Remove the similarity between the planter and litter box of the cat
Sometimes it is the planter itself that attracts the attention of the cat. You may find the cat digging the soil, thinking the dirt is another litter box for her. Make sure the soil of the plant does not resemble the texture of cats litter.
Try using decorative rocks on top of the soil to derail your cat’s ability to dig into the planter. A layer of pebbles, as long as it’s not tightly packed, will allow water to seep through to the soil underneath. It won’t have the same feel and will not be as tempting as a litter box.
You can use large pieces of smooth glass, rough pine cones, seashells or broken ceramics if you prefer a more decorative look.
Clean the cat’s litter box frequently. An unclean litter box is a big reason why cats start digging plants and use it as a litter box. Change the type of litter if it seems that the cat is avoiding the box even when clean.
Cats can decide to get picky after years of the same litter product.
Startle your cat when they are about to eat or start eating your plant
Startle the cats so that they immediately stop. However, you don’t want the cats to associate being startled with you punishing them. So you need to be sneaky and device techniques to startle them.
One method is to line up empty cans or bottles near the plants. If your cat tries to eat the plants, it will end up knocking the cans or bottles which will startle them away.
Spraying them with bottled water should be a last resort and that too without them seeing you and not on the face.
Another technique to startle the cat will be to place a noisy material like aluminum foil near the base of the plant. As the catwalks over the aluminum foil, the noise created will startle her away.
You can also use double-sided tape, something that cats dislike walking on, around the plant. A tin foil or a plastic carpet protector with the knobby side up works quite well.
Thorny plants like cactus and rose is also a good option. One prick is enough to startle her and keep her away for good.
Stick plastic forks in the dirt around the plants with the sharp side up. They are a good deterrent to startle the cat around the mouth area or to walk on.
Booby traps the plant by using a can of compressed air that’s activated by a motion sensor near it. When your cat approaches the plant, he/she will get a blast of compressed air. It won’t hurt, but it will make the cat think twice about approaching the plant.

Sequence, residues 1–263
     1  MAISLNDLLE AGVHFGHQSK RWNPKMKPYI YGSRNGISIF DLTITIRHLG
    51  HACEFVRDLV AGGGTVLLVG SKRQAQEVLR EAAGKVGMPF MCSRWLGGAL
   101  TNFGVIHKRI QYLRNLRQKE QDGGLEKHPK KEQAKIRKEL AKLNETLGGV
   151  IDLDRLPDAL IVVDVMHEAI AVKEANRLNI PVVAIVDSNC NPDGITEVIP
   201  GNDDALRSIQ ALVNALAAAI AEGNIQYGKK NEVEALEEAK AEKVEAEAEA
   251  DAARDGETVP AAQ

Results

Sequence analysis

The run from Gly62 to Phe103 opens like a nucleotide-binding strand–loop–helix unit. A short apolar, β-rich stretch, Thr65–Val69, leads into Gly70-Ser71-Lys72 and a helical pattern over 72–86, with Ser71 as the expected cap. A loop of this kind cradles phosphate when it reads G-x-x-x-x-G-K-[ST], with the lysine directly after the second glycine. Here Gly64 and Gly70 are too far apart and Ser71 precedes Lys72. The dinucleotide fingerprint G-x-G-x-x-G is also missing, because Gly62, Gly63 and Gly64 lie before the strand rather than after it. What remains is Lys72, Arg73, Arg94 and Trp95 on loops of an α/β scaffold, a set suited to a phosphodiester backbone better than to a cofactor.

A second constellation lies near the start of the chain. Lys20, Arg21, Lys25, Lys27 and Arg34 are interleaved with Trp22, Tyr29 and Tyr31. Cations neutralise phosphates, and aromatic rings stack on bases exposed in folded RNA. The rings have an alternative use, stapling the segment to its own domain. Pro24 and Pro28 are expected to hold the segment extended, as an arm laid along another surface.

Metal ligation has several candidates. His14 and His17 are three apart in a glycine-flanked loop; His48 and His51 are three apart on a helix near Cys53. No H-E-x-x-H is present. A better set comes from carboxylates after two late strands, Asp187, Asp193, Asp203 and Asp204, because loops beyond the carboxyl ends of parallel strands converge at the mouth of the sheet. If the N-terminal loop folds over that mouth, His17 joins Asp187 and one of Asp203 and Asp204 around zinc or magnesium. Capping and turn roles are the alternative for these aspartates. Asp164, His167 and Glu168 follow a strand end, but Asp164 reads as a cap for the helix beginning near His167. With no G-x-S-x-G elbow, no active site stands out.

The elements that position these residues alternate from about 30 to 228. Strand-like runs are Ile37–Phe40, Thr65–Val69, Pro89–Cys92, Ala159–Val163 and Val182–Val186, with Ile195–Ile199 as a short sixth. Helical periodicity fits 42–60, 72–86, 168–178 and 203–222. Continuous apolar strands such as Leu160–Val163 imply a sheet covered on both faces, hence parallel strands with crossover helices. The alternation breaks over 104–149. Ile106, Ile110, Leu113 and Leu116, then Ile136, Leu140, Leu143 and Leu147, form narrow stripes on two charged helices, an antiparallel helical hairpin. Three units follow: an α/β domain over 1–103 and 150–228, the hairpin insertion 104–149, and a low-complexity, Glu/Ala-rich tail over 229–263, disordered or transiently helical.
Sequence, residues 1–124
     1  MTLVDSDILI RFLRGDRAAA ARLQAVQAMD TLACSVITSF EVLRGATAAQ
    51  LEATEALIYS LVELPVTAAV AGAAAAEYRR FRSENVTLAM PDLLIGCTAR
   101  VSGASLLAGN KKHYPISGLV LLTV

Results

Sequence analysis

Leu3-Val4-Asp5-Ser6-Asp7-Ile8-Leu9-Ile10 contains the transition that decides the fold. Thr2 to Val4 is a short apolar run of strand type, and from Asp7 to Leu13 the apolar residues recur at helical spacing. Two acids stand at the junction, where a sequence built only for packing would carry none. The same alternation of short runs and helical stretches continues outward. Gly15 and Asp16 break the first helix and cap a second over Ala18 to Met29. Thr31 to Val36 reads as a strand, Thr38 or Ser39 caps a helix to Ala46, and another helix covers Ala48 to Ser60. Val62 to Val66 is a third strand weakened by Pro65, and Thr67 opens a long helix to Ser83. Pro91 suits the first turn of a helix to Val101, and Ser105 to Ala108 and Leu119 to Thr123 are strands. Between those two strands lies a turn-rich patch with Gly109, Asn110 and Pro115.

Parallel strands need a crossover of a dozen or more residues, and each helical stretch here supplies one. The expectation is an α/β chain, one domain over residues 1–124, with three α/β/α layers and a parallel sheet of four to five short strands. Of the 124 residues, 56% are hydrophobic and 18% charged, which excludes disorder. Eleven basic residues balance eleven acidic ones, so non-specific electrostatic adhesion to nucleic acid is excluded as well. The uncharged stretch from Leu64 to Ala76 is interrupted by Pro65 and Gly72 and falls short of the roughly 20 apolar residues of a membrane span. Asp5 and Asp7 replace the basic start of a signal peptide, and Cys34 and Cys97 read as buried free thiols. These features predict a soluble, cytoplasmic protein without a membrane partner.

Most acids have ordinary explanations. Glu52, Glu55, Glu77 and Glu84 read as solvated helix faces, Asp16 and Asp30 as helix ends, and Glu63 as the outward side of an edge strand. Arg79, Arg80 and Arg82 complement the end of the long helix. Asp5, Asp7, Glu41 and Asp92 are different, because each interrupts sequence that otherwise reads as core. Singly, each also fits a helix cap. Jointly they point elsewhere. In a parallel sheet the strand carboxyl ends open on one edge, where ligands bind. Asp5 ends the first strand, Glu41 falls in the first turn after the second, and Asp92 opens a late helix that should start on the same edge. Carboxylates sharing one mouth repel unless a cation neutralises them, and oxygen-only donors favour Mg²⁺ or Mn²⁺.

These pet training aids can be purchased in pet stores or online.
Distract and redirect your cat
The reason why your cat is eating up your plants could be that it is bored to tears cooped up in the house. If moving leaves is the closest thing to toys in her environment, it comes as no surprise that the cat has turned to eat plants.
Have regular play sessions with your cat at least twice a day for 5-10 minutes.
Give it toys to play with. Use toys at the end of a long string to make your cat run from one end of the room to the other without exhausting yourself.
Once it gets bored with the toys after a few days and no longer looks interested, replace it with new ones. Rotate the toys. Your cat will ignore the toy he’s become too familiar with. However, when it reappears after a long absence, he will be excited about it again.
Not all cats respond to laser pointers, but if yours does then you are lucky! lounge on the couch with a snack while your cats run around trying to catch the little red dot.
Give them interesting environments to explore. Ensure your cats have climbing towers, scratching posts, access to windows, places to hide and toys that keep them active.
When your cats start going near a plant, immediately distract them with a toy or game or lift them up and take them away physically to their scratching post.
Set up hiding places and play tunnels. Hide a treat in random places throughout the house. Introduce cardboard box ‘hideouts’ on a regular basis. This will give your cat an opportunity to discover new things and exercise her mind.
Leave toys out for the cat while you are gone. Leaving toys out while the cat is alone will give him/her more constructive outlets instead of plant chewing.
Remember felines are skilled hunters. Their hunting skills will come out from time to time.
Since domestic cats are not able to hunt, they turn to innocent houseplants to fulfill their desires to pursue.
Counter it by giving something to pursue and entertain them. Once they are amused and entertained with the above techniques, they will give very less to negligible attention to indoor plants
Create a garden for cats
Keep cats away from chewing on indoor plants by providing them with some plants of their own. Give them catnip or cat grass ( oat and barley grass), a pot of mint or thyme which they can chew on. Cats tend to like these and there are perfectly safe to be chewed occasionally.
Put these plants in some of your cat’s favorite places to lounge, and she will soon forget all about your indoor plants.
Domestic cats are naturally smart, curious, creative and playful. They have very well developed survival instincts that continually prompt them to explore every nook and cranny of their living space and the surrounding environment.
Until you are 100% sure that your cats won’t chew on your houseplants, you should be very conscious about toxicity. Several common indoor plants are very dangerous to cats and you should be aware of them and not grow them with a cat around.
Once your cat learns that eating and playing with your plants is unacceptable and even unpleasant, she will stop doing it. It will take time and patience for her to learn, but with consistency and repetition, she will forget all about how fun and delicious she once found your plants. All the best!
WARNING: Rush your cat to your vet if you suspect accidental ingestion of plants in large quantities.